Twenty20 cricket's potential inclusion in the 2024 Olympics has been handed a boost after The MCC World Cricket committee endorsed the sport's campaign.
Despite attaining 'full Olympic recognition' in February 2010, cricket was omitted from the seven-sport shortlist considered for inclusion for 2020 Olympic Games, joining Wrestling ahead of the decision in September
International Olympic Committee president Jacques Rogge is a known admirer of the sport's television appeal and in 2011 said he would welcome an application for consideration into the Games.
Lord's cricket ground host the Olympic Archery competition during London
An MCC statement read: "The MCC World Cricket committee appreciates that a great deal of effort may be needed to lobby for the inclusion of cricket in the Olympic Games of 2024,"
"The committee accepts that, were cricket to be played in the Olympics, there would be a short-term loss in income for the ICC, and therefore for dispersion to its members, but is impressed with the potential boost for the game worldwide if cricket were to be included.
"Furthermore, the committee advocates Twenty20 cricket as the format to be played at the Olympics, thereby providing the 'pinnacle' of that form of the sport."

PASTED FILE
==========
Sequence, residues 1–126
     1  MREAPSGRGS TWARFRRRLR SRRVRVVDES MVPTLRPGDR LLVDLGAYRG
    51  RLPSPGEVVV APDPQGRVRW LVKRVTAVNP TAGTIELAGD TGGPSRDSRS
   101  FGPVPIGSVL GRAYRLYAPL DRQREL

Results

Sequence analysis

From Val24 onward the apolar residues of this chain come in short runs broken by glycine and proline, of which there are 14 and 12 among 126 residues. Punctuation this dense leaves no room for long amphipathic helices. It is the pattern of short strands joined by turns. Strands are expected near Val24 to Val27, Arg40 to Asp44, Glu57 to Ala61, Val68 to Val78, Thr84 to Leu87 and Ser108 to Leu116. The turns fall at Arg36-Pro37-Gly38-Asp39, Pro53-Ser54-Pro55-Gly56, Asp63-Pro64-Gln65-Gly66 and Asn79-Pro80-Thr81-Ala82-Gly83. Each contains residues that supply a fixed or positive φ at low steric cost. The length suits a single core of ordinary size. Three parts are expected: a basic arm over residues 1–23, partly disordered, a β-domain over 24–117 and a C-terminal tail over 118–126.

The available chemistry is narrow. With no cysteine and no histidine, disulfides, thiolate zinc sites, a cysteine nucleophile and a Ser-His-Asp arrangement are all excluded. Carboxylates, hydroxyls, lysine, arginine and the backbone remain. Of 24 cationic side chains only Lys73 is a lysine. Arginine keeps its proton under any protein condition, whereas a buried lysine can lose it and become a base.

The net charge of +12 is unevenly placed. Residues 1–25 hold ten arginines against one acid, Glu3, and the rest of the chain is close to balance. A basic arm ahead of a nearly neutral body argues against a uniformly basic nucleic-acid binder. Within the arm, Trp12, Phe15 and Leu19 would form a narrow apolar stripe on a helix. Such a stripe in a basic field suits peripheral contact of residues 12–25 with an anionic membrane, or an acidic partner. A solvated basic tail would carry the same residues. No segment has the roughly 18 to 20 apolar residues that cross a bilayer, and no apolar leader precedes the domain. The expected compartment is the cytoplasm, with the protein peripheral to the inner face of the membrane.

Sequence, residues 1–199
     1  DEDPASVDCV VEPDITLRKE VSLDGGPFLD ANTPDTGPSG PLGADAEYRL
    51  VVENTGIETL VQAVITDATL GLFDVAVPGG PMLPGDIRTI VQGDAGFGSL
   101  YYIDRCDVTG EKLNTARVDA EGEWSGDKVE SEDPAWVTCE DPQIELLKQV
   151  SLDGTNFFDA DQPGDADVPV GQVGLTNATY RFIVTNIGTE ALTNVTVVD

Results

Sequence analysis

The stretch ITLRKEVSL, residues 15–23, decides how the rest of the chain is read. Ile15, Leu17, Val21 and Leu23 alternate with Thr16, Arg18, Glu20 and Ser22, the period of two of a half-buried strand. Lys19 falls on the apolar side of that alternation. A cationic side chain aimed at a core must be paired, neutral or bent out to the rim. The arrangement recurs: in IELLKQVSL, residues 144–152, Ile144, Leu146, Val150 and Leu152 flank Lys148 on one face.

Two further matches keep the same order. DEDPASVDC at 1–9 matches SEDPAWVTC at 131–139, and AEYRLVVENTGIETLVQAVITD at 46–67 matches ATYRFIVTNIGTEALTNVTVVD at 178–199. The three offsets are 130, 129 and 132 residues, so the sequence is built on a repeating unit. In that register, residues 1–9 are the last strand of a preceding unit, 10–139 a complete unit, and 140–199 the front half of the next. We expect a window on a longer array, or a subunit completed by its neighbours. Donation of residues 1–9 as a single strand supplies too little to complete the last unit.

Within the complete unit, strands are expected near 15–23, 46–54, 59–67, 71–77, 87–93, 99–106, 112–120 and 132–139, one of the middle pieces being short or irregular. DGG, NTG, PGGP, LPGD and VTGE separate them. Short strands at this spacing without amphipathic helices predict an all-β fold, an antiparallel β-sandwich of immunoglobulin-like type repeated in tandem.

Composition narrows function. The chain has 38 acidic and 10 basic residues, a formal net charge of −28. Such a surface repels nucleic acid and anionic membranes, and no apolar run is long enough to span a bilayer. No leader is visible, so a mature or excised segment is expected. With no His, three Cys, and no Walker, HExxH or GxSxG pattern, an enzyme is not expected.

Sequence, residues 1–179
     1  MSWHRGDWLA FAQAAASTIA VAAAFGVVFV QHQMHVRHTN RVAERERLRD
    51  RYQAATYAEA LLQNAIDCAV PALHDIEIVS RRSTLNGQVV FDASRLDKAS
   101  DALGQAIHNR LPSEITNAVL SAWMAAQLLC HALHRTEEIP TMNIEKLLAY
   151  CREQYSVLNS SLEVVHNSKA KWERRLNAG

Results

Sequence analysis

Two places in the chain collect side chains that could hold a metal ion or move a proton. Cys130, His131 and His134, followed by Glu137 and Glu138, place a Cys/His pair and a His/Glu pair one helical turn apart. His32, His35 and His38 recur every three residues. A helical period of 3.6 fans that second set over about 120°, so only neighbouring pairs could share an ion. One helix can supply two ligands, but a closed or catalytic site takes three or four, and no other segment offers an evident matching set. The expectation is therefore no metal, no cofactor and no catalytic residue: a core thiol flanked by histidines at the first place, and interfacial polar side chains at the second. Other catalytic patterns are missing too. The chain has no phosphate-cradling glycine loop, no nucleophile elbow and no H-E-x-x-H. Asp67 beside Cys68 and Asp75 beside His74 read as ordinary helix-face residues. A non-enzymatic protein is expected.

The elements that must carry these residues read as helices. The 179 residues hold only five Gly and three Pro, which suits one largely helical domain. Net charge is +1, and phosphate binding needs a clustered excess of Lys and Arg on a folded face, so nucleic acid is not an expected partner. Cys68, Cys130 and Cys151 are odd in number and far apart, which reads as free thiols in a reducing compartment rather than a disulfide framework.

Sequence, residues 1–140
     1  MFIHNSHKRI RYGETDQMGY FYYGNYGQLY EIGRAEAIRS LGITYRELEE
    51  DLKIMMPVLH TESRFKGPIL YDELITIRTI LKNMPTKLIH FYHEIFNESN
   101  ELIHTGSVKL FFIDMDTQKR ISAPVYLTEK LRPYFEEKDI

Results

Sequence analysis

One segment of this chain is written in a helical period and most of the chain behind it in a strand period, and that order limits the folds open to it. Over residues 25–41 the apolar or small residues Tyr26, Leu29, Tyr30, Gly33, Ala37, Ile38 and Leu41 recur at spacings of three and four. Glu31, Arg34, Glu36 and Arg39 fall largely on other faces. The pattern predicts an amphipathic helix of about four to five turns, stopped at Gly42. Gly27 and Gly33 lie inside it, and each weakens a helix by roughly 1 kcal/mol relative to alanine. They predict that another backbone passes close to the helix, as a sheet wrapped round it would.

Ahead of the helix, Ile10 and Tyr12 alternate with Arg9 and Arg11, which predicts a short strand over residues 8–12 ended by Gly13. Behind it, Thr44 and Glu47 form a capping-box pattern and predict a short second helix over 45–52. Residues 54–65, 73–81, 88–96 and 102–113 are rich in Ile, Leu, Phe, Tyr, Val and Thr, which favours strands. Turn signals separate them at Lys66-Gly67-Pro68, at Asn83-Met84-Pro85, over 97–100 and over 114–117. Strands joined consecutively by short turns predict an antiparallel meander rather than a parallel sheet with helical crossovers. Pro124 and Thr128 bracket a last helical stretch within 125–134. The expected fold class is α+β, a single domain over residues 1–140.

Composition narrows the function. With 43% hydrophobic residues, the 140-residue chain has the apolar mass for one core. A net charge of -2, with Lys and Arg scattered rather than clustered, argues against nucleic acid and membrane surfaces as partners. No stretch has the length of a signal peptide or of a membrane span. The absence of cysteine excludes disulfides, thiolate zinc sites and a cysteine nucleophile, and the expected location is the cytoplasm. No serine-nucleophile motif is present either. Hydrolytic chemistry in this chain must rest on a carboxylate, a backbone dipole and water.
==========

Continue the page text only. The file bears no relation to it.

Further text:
Cricket was once included in the Olympic programme in 1900, where Great Britain beat France in the only scheduled match.
The major stumbling block for the sport remains the lack of global appeal, despite its' inclusion in the 2010 Asian Games which saw cricketing minnows China, Maldives and Napal all compete.
Convincing the likes of United States and Russia, major sporting nations but whose cricket heritage is limited, that the sport represents a viable world-wide alternative for 2024 remains the biggest challenge facing the International Cricket Council.
Amid the ICC's 105 member countries, only 10 have full member status while only an additional six are graded as top associate countries.
In 2008, former Australian test wicketkeeper Adam Gilchrist said: "We have a responsibility to grow our game in new territories and amongst the women of the world.
"I believe the Olympic Games is the vehicle the sport should use to aggressively sell the message of our sport to all 202 competing Olympic nations, so our sport is strong and robust in countries where it is currently played and exciting and ground-breaking in countries who haven't yet caught the cricket bug."
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